• We are serving Christ sacrificially, and by doing so we are storing up treasure in Heaven, as Jesus said

      • Our giving will be blessed later in Heaven, and the result will be far greater riches than anything we could have obtained here

    • On the other hand, when we structure our earthly lives to “receive,” that is to receive wealth or spend time on ourselves or gain attention for ourselves instead of for Christ, we may be forgoing heavenly things

      • Certainly, we can say we are blessed by what we obtain here

      • A rich man on earth is blessed

      • A man who received great power or honor on earth might say he’s blessed 

      • But those blessings are always less than the heavenly one reserved for those who serve Christ

    • Paul said he made sacrifices to model what serving Christ looks like to a church that lived in a rich city with many distractions

      • And as Paul lived among them, he was burdened by the sight of their struggles with temptation 

      • And he must have pleaded them with tears to not get caught up in chasing the world

    • Paul maintained his first love and he admonished the church in Ephesus to do the same

      • To seek for the inheritance found by hearing and doing the word of God

      • And not to covet the gold and silver that will perish

  • So you might be asking how this background relates to our study of the book of Ephesians?

    • First, it’s clear that Paul and Jesus had concerns for this church

      • In Paul’s final instructions in Acts, he was concerned the church might succumb to the temptations of the city to serve self instead of Christ

      • And just a few decades later, we hear Jesus telling this church they did, indeed, leave the highest priority, which suggests they went after other things

    • Secondly, it’s safe to say Ephesus was a church whose affections were divided

      • On the one hand, they knew and respected the doctrines of their faith

      • On the other hand, they desired the wealth and prominence their city offered to those willing to chase after it

      • The Church had known a period of success, early in their walk, when their faith prompted a love for serving God and His people

      • They served the mission of the church, setting aside the pursuit of earthly things and setting their eyes on Jesus and His concerns

    • But eventually, they fell to the temptations of earthly things, they left their first love and they lost their way and eventually their place

      • This is how the story of Ephesus ended

      • It’s an unhappy ending

      • But it didn’t have to be this way

  • The circumstances surrounding the Church of Ephesus have much in common with the Church today in many places in the world

    • We are blessed to be living in the wealthiest time in all human history

      • Most developed nations enjoy a standard of living far beyond what was possible in past generations

      • While we still have places of poverty and war and disease, in general those things impact less people to a lessor degree than in times past

      • In many places today the church is surrounded by a culture of materialistic, attention hogging, power grabbing, experience seeking pagans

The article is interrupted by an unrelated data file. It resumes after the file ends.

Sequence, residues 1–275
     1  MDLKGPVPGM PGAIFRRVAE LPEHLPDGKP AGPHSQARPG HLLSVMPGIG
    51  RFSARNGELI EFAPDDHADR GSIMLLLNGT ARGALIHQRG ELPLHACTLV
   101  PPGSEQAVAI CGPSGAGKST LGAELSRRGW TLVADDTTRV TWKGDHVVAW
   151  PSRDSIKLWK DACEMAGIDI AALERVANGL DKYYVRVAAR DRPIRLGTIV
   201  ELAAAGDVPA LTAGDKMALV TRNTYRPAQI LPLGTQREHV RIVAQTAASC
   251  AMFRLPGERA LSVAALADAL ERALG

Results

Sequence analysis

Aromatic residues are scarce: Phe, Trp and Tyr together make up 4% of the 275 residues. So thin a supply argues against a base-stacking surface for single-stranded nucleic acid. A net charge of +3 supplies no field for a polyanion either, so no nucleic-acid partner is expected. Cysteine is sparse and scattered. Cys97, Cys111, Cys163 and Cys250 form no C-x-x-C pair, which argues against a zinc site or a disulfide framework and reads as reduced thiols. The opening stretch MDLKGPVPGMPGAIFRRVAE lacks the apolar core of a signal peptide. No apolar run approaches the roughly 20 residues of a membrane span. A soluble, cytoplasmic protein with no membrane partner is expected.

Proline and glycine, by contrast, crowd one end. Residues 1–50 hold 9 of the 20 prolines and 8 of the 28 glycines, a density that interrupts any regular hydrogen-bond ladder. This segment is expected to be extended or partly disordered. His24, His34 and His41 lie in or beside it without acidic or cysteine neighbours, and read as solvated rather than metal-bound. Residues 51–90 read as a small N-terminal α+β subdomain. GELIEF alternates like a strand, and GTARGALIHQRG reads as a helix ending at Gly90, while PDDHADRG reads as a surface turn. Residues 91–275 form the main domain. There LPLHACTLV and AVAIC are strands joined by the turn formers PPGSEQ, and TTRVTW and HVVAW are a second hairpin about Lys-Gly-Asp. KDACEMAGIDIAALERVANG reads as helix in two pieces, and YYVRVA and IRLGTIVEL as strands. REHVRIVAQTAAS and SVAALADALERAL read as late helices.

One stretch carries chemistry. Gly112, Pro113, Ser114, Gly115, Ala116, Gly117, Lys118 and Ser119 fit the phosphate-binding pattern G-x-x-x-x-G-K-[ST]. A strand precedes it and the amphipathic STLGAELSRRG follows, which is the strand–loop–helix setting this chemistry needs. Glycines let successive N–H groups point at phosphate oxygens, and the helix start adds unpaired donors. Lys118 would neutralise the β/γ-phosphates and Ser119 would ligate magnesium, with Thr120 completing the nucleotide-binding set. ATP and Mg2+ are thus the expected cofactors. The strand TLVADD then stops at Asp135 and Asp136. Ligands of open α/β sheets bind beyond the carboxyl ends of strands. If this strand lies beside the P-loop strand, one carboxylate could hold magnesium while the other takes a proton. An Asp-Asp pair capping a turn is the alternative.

• Just like the church in Ephesus

    • So the question arises, are we in danger of leaving our first love?

      • Are we all doctrine and no action?

      • Do we guard the teaching yet allow our hearts to be tempted by the world around us?

      • Do we acknowledge we have been approved by God through our faith in Christ yet still covet the praises of men? 

      • Are we all hat and no cattle, as the phrase goes?

  • I’d like to suggest that the story of Ephesus we studied this morning is like the Ghost of Christmas Future from Dickens’ Christmas Carol

    • It’s a story of how one Church ended, and it could be the story of how other churches will go too…but it doesn’t have to be our story

      • We may live in a similar materialistic, pagan culture as the church in Ephesus did

      • But we don’t have to succumb to the same temptations

      • Because we have Paul’s letter written to Ephesus

    • Paul’s letter is one of the notable ironies of the New Testament

      • He wrote the letter precisely to encourage the church not to fall to the very temptations that eventually did them in

      • Having lived among them for years, he knew the culture well

      • And naturally he worried for the church’s future, as we heard in his parting comments in Acts

    • So Paul wrote a letter that is 50% doctrine, 50% exhortation hoping to prevent the church’s downfall

      • He will explain the true riches that accompany salvation and sanctification for every believer

      • So that the church might have reason to set aside their desires for Ephesus to pursue Christ instead

      • And he calls for the church to live a sanctified life, one that witnesses to Christ in a daily way

    • History records that the church didn’t heed the instruction they received

      • They may have guarded the letter, they may even have understood it

      • But they certainly didn’t put it into action

      • Their faith stood by itself, being useless, dead

      • And ultimately that became the fate of the church itself

  • That doesn’t have to be our future, if only we would hear the word of God and do it

    • Starting next week, we dive into Paul’s letter seeking to hear it and do it…